Federal law has required for more than 40 years that public schools provide special education services in general education classrooms, the least restrictive settings, as much as it is appropriate for each child. In Nadia’s case, that almost did not happen.
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Justice Department Reaches Settlement with TPS
Katie’s right to an education
Katie’s mother struggled to get her daughter the education she needs from their rural, public school district. As a young child, Katie struggled with severe behavioral outbursts and would run away from school – even from a school that specialized in working with children with disabilities. Katie has a genetic disorder, autism, attention deficit and behavioral disorders.
Clarissa: Upholding her right to learn
Clarissa’s school removed her from class often without suspension documents, as required by law, to indicate that her behavioral problems were brought on by disabilities. She was sent home so many times that her mother, Ms. Russell, had to quit her job. With help from an ABLE attorney, Ms. Russell secured an Individualized Education Program (IEP), complying with federal law that requires schools to provide accommodations for students with special needs. That allows Clarissa to stay in school and learn.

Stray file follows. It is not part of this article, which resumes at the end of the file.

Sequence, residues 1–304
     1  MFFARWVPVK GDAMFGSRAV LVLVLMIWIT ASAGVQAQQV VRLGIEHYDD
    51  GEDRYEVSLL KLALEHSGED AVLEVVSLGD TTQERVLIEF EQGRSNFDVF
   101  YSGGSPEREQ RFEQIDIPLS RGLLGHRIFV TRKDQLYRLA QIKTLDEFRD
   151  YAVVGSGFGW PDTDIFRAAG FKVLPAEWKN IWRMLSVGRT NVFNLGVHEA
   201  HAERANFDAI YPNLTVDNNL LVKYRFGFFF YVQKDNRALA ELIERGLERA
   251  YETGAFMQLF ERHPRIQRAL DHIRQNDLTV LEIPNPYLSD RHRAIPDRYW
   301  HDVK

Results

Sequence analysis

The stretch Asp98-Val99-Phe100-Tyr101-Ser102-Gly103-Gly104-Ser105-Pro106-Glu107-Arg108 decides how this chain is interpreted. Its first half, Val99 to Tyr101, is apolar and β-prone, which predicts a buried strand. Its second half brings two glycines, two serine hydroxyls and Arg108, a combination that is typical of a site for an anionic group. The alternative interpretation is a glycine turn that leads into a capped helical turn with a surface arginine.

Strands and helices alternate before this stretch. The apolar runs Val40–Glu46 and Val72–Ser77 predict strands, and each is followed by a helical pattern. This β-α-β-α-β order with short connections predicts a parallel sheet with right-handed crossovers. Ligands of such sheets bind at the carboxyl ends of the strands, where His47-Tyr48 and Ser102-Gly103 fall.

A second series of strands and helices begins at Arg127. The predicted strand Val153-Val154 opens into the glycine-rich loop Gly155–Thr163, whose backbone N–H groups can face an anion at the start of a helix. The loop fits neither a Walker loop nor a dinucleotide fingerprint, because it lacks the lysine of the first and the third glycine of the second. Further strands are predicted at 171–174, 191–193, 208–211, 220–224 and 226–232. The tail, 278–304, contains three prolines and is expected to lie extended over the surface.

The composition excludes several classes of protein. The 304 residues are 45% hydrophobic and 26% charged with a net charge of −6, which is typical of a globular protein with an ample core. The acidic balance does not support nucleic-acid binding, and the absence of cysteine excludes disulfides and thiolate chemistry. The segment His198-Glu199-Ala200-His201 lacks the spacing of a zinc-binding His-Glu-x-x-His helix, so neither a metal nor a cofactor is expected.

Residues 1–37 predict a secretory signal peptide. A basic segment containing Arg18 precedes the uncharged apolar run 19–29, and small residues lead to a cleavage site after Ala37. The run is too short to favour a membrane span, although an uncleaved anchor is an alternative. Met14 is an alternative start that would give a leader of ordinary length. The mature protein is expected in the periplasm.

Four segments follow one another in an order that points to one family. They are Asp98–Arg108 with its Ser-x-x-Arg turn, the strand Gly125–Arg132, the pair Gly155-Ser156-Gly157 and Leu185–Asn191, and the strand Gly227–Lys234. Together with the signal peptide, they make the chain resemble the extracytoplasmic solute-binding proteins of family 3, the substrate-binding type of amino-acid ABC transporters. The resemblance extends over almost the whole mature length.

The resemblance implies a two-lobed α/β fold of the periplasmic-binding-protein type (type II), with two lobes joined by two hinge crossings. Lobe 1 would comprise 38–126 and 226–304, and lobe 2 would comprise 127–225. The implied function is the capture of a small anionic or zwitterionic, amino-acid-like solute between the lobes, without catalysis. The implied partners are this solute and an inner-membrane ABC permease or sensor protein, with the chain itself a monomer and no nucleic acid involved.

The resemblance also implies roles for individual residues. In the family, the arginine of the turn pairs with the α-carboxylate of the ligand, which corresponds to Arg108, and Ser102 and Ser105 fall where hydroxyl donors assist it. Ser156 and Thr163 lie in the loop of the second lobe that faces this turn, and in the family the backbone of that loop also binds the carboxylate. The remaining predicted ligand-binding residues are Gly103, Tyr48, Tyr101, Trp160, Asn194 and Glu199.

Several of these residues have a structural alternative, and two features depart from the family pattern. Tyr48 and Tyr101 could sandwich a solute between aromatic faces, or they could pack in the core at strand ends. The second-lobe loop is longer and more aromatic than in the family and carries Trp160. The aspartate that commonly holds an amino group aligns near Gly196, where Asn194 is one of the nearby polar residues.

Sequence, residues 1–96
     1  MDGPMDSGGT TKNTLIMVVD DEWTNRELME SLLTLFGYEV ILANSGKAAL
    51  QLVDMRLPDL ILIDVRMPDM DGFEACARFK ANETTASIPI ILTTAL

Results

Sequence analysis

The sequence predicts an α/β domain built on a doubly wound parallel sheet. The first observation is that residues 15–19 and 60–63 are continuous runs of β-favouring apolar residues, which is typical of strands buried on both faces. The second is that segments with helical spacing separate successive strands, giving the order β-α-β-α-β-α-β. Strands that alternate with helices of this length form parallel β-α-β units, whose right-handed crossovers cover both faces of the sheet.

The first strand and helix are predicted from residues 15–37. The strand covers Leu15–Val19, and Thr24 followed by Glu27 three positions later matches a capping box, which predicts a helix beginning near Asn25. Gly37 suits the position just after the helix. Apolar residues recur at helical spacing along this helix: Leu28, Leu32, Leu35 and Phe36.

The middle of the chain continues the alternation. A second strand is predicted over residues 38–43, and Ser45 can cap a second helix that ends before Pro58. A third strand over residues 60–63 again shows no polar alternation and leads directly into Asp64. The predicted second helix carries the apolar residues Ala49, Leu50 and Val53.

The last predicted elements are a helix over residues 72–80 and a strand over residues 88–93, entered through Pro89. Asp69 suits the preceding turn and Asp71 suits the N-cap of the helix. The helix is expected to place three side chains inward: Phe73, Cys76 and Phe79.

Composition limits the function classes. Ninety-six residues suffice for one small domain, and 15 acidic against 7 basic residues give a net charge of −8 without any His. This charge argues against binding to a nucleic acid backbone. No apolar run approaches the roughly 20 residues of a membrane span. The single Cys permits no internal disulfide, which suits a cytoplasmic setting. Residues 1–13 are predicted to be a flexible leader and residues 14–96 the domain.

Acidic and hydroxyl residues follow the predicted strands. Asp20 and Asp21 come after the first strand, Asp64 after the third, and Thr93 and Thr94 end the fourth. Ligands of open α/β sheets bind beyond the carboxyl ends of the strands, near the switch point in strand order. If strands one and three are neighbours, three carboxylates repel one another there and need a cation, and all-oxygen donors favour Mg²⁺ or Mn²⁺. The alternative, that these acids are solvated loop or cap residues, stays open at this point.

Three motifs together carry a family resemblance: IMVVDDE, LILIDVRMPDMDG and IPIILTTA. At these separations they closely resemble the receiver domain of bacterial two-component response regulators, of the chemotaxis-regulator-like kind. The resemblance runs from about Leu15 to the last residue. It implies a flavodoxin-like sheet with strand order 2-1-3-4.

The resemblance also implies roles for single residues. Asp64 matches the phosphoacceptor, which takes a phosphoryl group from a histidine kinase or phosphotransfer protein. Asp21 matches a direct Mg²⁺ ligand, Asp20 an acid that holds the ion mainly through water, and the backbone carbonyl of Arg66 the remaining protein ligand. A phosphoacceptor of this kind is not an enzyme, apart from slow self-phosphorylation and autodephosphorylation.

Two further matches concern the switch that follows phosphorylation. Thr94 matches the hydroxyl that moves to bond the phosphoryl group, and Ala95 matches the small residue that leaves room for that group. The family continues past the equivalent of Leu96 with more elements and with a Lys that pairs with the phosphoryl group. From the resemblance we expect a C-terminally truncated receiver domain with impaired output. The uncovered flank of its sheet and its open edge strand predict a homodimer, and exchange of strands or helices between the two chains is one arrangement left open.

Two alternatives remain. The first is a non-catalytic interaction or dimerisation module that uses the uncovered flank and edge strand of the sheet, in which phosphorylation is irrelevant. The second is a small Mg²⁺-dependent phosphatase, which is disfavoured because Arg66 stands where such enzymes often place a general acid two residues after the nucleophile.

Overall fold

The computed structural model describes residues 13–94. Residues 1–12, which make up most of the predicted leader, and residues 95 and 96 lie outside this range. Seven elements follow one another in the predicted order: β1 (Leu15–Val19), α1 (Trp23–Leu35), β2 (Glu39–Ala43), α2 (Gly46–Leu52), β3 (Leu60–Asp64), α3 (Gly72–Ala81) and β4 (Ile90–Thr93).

How Basma triumphed in her fight for an education
When Basma came to the U.S., the public school in her district denied her admission by claiming that her middle school diploma from she received in Syria was a terminal school degree. The school claimed this meant Basma could not attend any additional school grades.
Developmental Disabilities Waiver Project
Everyone deserves an opportunity to live in their community near their family, friends, and support system. People with disabilities may not be able to do that without supports. Medicaid waivers allow people with disabilities and chronic conditions to receive care in their homes and communities.
Certificate of Qualification for Employment Project
Everyone deserves the right to have the ability to get a job to provide for themselves and their families. Some employers refuse to hire a person with a criminal conviction. Ohio law allows for criminal record sealing in certain cases, but limits exist.
A person’s ability to meet the necessities for living a quality life should not be dependent upon where they live. People who otherwise qualify for services that allow them to remain in their home may have difficulty obtaining services for a multitude of reasons.